During the operation of the electrodialysis cell, water or a dilute aqueous sodium hydroxide solution 10 (10') is introduced into the chamber 6 (6'), an aqueous sodium carbonate solution 11 (11') is introduced into the chamber 7 (7') and the electrodes 4 and 5 are connected to the terminals of a source of direct current. An aqueous electrolyte, the composition of which is not critical, is circulated in the end chambers 18 and 19 containing the electrodes 4 and 5. Under the effect of the voltage difference between the electrodes 4 and 5, there is dissociation of water on the bipolar membranes 3 and 3', giving rise to the formation of protons in the chambers 7 and 7' and to the formation of hydroxyl ions in the chambers 6 and 6'. Simultaneously, sodium cations migrate from the chamber 7 into the chamber 6', passing through the cationic membrane 2'. In this way, there is formation of sodium hydroxide in the chambers 6 and 6' and of sodium bicarbonate in the chambers 7 and 7', to the detriment of the sodium carbonate.

According to the invention, the f low rates of the solutions are adjusted so as to maintain a pH in the region of 8.5 in the chamber 7, to avoid decomposition of the sodium bicarbonate which forms therein.

There is recovered, from the chambers 6 and 6', an aqueous sodium hydroxide solution 12 (respectively 12') and, from the chambers 7 and 7', an aqueous sodium carbonate and sodium bicarbonate solution 13 (respectively 13'). The aqueous solution 13, 13' is conveyed to a reaction chamber 14 into which a milk of lime 15 is moreover introduced in a sufficient quantity to decompose the sodium bicarbonate. Calcium carbonate 16 and an aqueous sodium carbonate solution 17, which is recycled to the chambers 7, 7', are drawn off from the reaction chamber 14.

The following example serves to illustrate the invention.

An electrodialysis cell such as represented in the figure, in which each membrane has a surface area of 1 m2, is used and a current of 1 kA is circulated therein.

Water is introduced into the chamber 6, at an hourly flow rate of 12.87 l, and an aqueous sodium carbonate solution (containing 156 g of sodium carbonate per 1) is introduced into the chamber 7 at an hourly flow rate of 23.3 l.

The efficiency of the bipolar membrane 3 being assumed equal to 0.95 and that of the cationic membrane 2 to 0.97, the hourly production of the cell is 12.3 l of a 10% by weight aqueous sodium hydroxide solution and 23.3 kg of a saturated aqueous sodium bicarbonate solution (containing 0.124 kg of sodium bicarbonate per kg).

Patent Citations
Cited PatentFiling datePublication dateApplicantTitle
US4049519 *Oct 6, 1976Sep 20, 1977Walter John SloanCarbonate reduction
US4238305 *Oct 29, 1979Dec 9, 1980Allied Chemical CorporationElectrodialytic process for the conversion of impure soda values to sodium hydroxide and carbon dioxide
US4584077 *Aug 13, 1984Apr 22, 1986Allied CorporationProcess for recovering sodium carbonate from trona and other mixtures of sodium carbonate and sodium bicarbonate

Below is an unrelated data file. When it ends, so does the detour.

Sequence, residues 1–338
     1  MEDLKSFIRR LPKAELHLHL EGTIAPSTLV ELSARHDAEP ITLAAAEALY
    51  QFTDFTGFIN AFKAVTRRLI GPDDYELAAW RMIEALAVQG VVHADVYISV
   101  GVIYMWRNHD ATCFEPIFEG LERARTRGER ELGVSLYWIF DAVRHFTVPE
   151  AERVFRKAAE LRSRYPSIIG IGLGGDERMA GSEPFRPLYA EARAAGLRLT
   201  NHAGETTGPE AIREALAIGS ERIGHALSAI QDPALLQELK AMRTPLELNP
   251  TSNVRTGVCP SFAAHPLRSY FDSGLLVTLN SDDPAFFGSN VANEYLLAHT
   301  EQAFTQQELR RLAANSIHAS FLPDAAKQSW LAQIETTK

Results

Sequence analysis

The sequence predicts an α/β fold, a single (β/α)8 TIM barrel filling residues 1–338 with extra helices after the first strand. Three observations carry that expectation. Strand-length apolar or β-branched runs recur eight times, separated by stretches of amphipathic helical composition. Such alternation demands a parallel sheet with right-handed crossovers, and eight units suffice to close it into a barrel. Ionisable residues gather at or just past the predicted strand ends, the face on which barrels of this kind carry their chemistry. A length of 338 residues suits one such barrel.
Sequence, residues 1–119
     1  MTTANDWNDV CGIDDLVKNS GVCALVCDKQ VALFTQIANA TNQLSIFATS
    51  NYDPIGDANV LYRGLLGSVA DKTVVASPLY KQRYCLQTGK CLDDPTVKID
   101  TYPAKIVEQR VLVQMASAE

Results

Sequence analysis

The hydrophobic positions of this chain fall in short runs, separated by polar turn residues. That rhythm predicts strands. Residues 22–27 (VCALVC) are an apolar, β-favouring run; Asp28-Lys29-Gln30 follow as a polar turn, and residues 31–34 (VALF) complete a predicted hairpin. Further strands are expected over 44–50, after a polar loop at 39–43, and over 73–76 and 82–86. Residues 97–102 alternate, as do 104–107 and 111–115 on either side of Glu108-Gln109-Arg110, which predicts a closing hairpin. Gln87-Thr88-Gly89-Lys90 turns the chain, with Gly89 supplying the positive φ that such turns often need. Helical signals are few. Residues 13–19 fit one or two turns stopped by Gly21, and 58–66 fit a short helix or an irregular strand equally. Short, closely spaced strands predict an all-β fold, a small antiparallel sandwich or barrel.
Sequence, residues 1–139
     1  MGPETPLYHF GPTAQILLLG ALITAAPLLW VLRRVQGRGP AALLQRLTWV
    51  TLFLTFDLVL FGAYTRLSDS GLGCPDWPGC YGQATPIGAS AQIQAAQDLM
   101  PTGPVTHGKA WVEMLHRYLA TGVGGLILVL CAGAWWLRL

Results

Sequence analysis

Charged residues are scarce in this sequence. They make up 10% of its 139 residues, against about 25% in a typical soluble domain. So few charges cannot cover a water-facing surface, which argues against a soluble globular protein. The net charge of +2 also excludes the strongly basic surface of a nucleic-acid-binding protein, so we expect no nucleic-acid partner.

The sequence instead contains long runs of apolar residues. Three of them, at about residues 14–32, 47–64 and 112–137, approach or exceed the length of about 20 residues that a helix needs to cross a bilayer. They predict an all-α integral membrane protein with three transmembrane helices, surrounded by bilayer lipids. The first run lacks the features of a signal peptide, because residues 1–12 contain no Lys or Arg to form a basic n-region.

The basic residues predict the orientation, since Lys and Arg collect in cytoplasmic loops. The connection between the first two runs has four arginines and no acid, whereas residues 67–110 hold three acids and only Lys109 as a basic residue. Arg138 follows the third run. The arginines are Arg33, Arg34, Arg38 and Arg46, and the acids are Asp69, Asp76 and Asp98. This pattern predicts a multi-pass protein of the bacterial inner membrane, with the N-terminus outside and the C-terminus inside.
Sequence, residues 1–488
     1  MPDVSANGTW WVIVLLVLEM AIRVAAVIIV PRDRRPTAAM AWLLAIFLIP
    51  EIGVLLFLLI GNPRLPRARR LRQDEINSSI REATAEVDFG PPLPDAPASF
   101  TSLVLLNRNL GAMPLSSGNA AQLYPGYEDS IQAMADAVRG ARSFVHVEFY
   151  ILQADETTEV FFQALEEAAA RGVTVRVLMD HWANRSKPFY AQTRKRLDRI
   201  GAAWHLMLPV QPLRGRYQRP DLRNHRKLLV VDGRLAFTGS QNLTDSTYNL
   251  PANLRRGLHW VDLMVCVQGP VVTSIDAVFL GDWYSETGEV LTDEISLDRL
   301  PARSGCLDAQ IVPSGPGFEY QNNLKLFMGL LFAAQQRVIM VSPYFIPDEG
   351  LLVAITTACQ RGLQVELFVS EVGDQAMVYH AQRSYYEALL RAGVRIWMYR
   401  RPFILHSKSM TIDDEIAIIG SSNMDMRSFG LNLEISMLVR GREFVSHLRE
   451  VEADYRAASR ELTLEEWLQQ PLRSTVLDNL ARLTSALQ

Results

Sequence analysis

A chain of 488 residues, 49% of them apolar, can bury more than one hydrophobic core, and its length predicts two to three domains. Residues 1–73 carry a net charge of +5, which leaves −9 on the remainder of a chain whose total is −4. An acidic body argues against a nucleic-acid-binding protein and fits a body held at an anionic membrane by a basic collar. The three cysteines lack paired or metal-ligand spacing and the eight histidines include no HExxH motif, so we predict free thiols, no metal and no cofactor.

GB1402920A * Title not available
GB1497748A * Title not available
GB1497749A * Title not available
GB1518387A * Title not available
GB1522877A * Title not available
GB2122543A * Title not available
WO1989001059A1 *Jul 29, 1988Feb 9, 1989Unisearch LtdHigh performance bipolar membranes
Referenced by
Citing PatentFiling datePublication dateApplicantTitle
US5766270May 21, 1996Jun 16, 1998Tg Soda Ash, Inc.Solution mining of carbonate/bicarbonate deposits to produce soda ash
US5888368 *Oct 29, 1997Mar 30, 1999Solvay (Societe Anonyme)Process for manufacturing an aqueous sodium hydroxide solution
US5955043Aug 29, 1996Sep 21, 1999Tg Soda Ash, Inc.Production of sodium carbonate from solution mine brine
US6139714 *Dec 2, 1997Oct 31, 2000Gemma Industrial Ecology Ltd.Method and apparatus for adjusting the pH of a liquid
US6251346Aug 20, 1997Jun 26, 2001Tg Soda Ash, Inc.Solution mining of carbonate/bicarbonate deposits to produce soda ash
US6322767May 19, 2000Nov 27, 2001Fmc CorporationProcess for making sodium carbonate decahydrate from sodium carbonate/bicarbonate liquors
US20100282614 *Jan 6, 2009Nov 11, 2010Solvay SaProcess for producing sodium carbonate and/or sodium bicarbonate from an ore mineral comprising sodium bicarbonate
US20100284891 *Jan 6, 2009Nov 11, 2010Solvay (Societe Anonyme)Process for producing sodium bicarbonate
Classifications
U.S. Classification205/344, 205/536
International ClassificationB01D61/44, B01D61/42, C01D1/38, C25B1/16, C25B7/00
Cooperative ClassificationB01D61/445, C01D1/38
European ClassificationB01D61/44B, C01D1/38
Legal Events
DateCodeEventDescription
Mar 8, 1993ASAssignment
Owner name: SOLVAY (SOCIETE ANONYME), BELGIUM
Free format text: ASSIGNMENT OF ASSIGNORS INTEREST.;ASSIGNOR:BOURGEOIS, LOUIS;REEL/FRAME:006500/0283
Effective date: 19930223
Nov 3, 1997FPAYFee payment
Year of fee payment: 4
Sep 27, 2001FPAYFee payment
Year of fee payment: 8
Nov 16, 2005REMIMaintenance fee reminder mailed
Jun 27, 2006FPExpired due to failure to pay maintenance fee
Effective date: 20060503